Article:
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FTC Chair advocates for promoting competition to drive innovation

March 28, 2024
By: Michele Hujber

In the 1970s, the U.S. government took antitrust actions against IBM and AT&T, causing considerable controversy. Walter Wriston, the then-president of Citibank and a key leader on Wall Street, questioned the value of doing this, apparently (according to Lina M. Khan, Federal Trade Commission Chair), likening the move to breaking up the Yankees, because they were so successful. In a presentation she delivered at the Carnegie Endowment for International Peace on March 13, Lina M. Khan, chair of the Federal Trade Commission, disagreed with Wriston’s perspective. In her comments, Khan contended that breaking up monopolies is essential for promoting innovation, that by breaking up companies like AT&T and IBM, the U.S. opened a path to “waves of innovation, including the personal computer, the telecommunications revolution, and the logic chip.”

Khan gave several examples of how consolidation and monopolization have discouraged innovation. She mentioned Boeing, which in 1997 became the only commercial aerospace maker in the U.S. after merging with McDonnell Douglas. Among other issues, Khan cited United Airlines CEO Scott Kirby as saying, "The merger allowed Boeing to slow down innovation and to reduce product quality."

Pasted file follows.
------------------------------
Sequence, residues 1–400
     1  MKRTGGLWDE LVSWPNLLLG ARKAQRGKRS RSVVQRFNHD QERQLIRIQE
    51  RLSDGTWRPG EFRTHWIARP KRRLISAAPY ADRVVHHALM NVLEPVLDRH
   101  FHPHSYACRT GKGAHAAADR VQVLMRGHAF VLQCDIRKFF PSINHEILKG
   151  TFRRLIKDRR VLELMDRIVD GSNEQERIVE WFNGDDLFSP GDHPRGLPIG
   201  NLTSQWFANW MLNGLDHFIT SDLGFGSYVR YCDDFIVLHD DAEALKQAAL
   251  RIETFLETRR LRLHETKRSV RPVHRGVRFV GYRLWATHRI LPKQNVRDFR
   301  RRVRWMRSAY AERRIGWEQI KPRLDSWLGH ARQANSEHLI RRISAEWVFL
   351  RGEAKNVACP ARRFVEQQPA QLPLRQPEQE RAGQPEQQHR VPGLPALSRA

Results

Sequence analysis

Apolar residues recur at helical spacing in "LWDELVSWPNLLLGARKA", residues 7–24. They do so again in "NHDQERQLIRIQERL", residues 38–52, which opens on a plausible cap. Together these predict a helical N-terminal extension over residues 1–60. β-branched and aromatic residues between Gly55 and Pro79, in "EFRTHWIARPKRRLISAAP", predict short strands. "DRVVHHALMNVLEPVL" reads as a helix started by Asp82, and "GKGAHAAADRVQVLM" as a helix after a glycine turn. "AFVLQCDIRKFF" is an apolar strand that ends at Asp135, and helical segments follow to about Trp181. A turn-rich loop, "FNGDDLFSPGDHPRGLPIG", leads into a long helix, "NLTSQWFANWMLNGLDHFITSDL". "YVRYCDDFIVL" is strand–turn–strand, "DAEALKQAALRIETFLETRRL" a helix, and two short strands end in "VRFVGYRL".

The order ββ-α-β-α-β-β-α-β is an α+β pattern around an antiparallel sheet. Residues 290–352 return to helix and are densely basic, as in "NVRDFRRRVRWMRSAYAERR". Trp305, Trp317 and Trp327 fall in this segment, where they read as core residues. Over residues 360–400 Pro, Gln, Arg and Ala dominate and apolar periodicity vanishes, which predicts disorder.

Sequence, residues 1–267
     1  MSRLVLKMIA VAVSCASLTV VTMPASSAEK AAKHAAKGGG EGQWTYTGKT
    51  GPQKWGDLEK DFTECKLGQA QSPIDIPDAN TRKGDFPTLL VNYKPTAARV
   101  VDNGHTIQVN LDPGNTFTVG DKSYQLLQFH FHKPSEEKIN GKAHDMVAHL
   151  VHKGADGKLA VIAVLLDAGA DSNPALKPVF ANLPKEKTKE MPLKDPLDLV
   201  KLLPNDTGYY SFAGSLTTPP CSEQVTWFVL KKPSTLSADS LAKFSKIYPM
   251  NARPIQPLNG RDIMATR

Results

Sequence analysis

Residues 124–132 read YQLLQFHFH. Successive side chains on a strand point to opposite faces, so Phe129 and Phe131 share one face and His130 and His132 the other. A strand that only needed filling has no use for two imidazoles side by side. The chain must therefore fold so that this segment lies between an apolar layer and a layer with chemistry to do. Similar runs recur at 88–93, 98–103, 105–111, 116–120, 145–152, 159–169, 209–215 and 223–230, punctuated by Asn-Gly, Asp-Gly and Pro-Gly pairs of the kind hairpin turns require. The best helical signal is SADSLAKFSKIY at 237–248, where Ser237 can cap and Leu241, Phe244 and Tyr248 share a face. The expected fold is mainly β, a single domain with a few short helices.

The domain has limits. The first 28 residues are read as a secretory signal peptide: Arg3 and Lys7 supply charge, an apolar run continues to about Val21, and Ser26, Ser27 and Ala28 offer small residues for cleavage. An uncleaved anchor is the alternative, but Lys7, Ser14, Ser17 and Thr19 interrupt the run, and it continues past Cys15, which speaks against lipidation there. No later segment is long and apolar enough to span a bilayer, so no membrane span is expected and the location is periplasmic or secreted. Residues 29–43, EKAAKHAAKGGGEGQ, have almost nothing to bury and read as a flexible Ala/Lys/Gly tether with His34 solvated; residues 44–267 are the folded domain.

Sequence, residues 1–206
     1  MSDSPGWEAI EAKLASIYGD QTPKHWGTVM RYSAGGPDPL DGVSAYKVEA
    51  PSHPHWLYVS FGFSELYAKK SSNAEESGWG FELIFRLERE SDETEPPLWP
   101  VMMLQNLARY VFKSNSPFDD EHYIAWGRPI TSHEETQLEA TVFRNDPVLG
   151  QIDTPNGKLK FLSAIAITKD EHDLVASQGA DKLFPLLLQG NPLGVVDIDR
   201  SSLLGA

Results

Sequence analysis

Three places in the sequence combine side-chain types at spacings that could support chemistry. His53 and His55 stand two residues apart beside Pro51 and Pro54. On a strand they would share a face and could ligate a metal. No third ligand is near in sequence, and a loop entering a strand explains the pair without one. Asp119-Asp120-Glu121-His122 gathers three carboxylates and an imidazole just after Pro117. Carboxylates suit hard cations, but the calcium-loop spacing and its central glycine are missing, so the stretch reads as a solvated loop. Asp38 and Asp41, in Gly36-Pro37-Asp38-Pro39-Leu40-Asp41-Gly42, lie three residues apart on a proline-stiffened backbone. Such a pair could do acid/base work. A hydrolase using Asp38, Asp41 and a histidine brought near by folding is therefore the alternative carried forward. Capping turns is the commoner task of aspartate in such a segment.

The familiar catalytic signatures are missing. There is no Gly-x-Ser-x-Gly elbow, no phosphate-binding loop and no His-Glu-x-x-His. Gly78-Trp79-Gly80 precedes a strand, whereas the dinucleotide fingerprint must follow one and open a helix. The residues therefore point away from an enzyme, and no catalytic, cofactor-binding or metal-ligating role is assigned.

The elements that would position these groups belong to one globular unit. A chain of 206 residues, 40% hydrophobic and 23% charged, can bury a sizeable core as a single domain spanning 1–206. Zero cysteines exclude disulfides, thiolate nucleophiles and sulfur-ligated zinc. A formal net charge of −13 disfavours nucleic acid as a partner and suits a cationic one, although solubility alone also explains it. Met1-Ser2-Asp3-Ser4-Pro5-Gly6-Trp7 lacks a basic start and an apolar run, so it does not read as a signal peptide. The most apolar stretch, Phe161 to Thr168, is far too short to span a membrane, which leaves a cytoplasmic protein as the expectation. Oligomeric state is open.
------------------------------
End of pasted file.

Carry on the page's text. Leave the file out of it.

In contrast, Khan also mentioned Nvidia, noting that in 2021, the FTC blocked Nvidia's $40 billion attempted acquisition of Arm, which would have been the largest semiconductor chip merger in history. "Our investigation had found that the merger would have allowed a major chip provider to control key computing technologies that rival firms depended on to develop their own competing chips for next-generation technologies, affecting everything from data centers to self-driving cars." She noted that, two years later, Arm is thriving, with its stock price doubling since it went public last year. "Choosing competition works," Khan said.

Khan noted that some policymakers argue against applying antitrust strategies against today's dominant technology firms. "We often hear that pursuing antitrust cases against or regulating these firms will weaken American innovation and cede the global stage to China," Khan said. However, she questions the idea that a direct relationship exists between U.S. antitrust cases and these companies' ability to keep America's lead in the industry. She is, she said, more concerned about "lumbering monopolies mired in red tape and bureaucratic inertia that cannot deliver the breakthrough innovations and technological advancements that hungry startups tend to create.”

As Khan points out, monopolies do engage in R&D, and do sometimes deliver “marginal innovations and improvements.” However, she also asserts that "breakthrough and paradigm-shifting innovations have historically come from the disruptive outsider."

View Khan’s presentation on YouTube here.

competition, big tech